Showers and thunderstorms developed during the afternoon along a weak cold front that moved slowly east across the area. Wind damage was reported in several locations across central and western Massachusetts. One-inch hail was reported in the town of Leverett MA (Franklin County). In addition, thunderstorms traveling along an identical path over a short period of time (or "training") produced very heavy rainfall and flash flooding in parts of western Massachusetts. The Sawmill River in Leverett saw the worst flooding in 100 years. Rainfall was measured at 3.19 inches in Greenfield MA, 2.85 inches at Amherst MA, and 1.29 at Sunderland MA.

In the image, note the large area of red southeast of Greenfield MA. This thunderstorm is producing hail and heavy rain over Leverett. Meanwhile, the two small red cells northwest and south-southeast of Northampton would, within 30 minutes, travel over Leverett as well.

leverett.jpg (135376 bytes)

Smoke Plume from Malden Mills fire December 12, 1995

This image shows how sensitive the Doppler Radar can be. The radar is in "clear air mode", taking twice as long to do a complete scan of the atmosphere as it does in "precipitation mode". It is clearly detecting the plume of smoke particles, with the strongest concentration near Lawrence MA and lesser concentration of particles downwind to the southeast. malden.jpg (69792 bytes)

Ocean effect snow over Nantucket January 18, 1997

Very cold west winds moving over the warmer ocean water created a band of snow showers that grazed Marthas Vineyard and moved directly across Nantucket MA. This is similar to the "lake effect snows" that occur to the lee of the Great Lakes each winter. Amounts from such snow bands can vary greatly over the space of a few miles. Nantucket reported a total accumulation of 8 inches. Tisbury (on Marthas Vineyard) received 3 inches, Vineyard haven 1.5 inches, and Edgartown 0.8 inches.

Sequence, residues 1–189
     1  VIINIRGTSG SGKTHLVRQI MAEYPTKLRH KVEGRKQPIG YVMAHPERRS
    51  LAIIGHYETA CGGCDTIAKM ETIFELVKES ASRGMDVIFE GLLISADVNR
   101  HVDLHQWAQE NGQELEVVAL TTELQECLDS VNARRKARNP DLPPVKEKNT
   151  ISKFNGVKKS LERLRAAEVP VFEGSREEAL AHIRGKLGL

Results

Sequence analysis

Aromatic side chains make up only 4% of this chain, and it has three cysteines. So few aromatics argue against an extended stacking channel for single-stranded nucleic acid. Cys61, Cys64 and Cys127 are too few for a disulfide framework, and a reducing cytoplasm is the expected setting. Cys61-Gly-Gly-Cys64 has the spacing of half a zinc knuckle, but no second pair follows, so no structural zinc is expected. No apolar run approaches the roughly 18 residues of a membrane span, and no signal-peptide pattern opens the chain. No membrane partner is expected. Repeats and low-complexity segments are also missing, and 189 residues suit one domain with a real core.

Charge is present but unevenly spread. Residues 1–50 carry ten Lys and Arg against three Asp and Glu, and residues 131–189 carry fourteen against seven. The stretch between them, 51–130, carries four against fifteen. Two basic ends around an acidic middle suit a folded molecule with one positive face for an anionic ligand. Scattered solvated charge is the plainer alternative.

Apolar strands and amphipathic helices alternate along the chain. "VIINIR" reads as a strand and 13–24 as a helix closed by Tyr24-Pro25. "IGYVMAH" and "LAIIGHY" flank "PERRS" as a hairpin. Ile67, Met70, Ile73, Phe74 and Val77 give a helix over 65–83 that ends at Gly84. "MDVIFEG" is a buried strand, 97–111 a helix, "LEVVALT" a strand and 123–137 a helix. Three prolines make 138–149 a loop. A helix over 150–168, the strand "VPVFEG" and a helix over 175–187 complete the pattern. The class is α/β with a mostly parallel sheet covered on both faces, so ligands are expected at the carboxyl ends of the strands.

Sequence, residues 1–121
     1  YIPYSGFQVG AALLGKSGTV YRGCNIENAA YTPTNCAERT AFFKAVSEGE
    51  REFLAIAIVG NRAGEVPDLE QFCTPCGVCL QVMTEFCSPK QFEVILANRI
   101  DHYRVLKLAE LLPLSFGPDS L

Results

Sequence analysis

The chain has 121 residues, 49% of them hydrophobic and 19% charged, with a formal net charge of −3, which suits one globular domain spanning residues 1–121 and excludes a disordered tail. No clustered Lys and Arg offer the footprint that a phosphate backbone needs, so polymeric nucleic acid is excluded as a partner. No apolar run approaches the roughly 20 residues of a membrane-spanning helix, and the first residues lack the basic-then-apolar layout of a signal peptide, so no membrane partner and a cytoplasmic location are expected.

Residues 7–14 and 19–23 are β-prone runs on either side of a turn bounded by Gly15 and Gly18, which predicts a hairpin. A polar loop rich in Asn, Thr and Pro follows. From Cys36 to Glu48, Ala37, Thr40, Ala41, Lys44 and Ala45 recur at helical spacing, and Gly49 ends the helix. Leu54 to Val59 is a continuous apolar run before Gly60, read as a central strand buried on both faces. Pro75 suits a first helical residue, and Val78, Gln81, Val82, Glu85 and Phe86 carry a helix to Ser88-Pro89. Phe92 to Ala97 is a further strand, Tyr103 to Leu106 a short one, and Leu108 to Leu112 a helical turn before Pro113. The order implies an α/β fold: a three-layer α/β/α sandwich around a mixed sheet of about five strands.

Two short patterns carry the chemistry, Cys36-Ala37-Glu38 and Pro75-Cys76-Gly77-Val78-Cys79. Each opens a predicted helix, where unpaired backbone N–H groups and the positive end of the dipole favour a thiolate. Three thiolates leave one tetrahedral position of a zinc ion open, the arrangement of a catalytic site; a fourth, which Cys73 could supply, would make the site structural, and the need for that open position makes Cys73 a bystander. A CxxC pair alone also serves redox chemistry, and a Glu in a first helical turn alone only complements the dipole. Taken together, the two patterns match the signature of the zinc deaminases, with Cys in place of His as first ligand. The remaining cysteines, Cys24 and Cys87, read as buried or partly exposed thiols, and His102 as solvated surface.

As a bonus, note the thin line extending from Taunton toward the southeast. This is how sunrise appears on the radar. The steady stream of energy from the sun is interpreted by the radar as precipitation all along that particular radial. Sunset looks similar, but to the west. The location and time of occurrence changes with time of year as does the location of sunrise and sunset.

oceffect.jpg (114333 bytes)

Heavy prolonged rainfall in Northeast Massachusetts  - October 19-21, 1996  
 An extremely prolonged Noreaster pounded southern New England with very heavy rainfall and strong winds. Winds gusted as high as 81 mph over coastal Rhode Island with gusts of 50 to 60 mph common in all coastal areas. Rainfall totals of 6 to 12 inches fell in eastern Massachusetts and southern New Hampshire with 2 to 5 inches elsewhere. Some totals include Newburyport MA 13.03 inches, Bedford MA 11.21 inches, East Woburn 10.75 inches, Groveland MA 10.10 inches, Rockport MA 9.68 inches, Boston (Logan Airport) 7.92 inches.

This image is an estimate made by the radar as to how much rain fell. It is based on the total amount of energy reflected back to the radar; it uses equations based on comparisons of past rainfall with observed radar reflectivity. Note the two maxima of rainfall...one near Boston and the second in western Connecticut. The storm drew on moisture from a tropical system well offshore; this enhanced the amount of moisture available for rain. For a while, this moisture was fed up across Long Island into western Connecticut. When the storm shifted, the winds drawing on the moisture also shifted and refocused the area of maximum rainfall in northeast Massachusetts.

noreaster.JPG (134884 bytes)

Squall Line of Thunderstorms moves through Central New England May 31, 1998

A powerful cold front combined with a warm and humid air mass to produce widespread severe weather across southern New England. Wind damage and large hail were common and there was a tornado in northern Hillsborough County NH near Antrim.

The image shows the radar reflectivity image as a squall line becomes severe. The line has evolved from a straight line into a bow-shaped line. This comes about as outflow from one storm races ahead of the outflow from the adjoining storms.

The image worcvel.jpg shows the radar's velocity measurements from the same time. The fastest motion is located near the head of the bow, which is near Worcester. A wind gust to 104 mph was measured from this squall line at Worcester.

worcref.JPG (135708 bytes)